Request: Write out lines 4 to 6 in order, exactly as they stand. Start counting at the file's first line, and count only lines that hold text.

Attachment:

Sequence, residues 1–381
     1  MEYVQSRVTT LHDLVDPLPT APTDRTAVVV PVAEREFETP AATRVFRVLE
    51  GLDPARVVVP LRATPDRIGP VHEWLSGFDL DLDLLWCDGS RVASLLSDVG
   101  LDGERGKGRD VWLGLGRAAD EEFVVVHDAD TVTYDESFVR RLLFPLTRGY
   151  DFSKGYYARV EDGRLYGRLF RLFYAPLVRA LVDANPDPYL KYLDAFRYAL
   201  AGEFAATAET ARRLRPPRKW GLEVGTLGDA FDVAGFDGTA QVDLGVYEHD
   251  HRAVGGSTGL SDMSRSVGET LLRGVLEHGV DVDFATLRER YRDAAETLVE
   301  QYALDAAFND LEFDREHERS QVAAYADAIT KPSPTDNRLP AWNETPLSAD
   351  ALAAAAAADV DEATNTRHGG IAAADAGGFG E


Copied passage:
   101  LDGERGKGRD VWLGLGRAAD EEFVVVHDAD TVTYDESFVR RLLFPLTRGY
   151  DFSKGYYARV EDGRLYGRLF RLFYAPLVRA LVDANPDPYL KYLDAFRYAL
   201  AGEFAATAET ARRLRPPRKW GLEVGTLGDA FDVAGFDGTA QVDLGVYEHD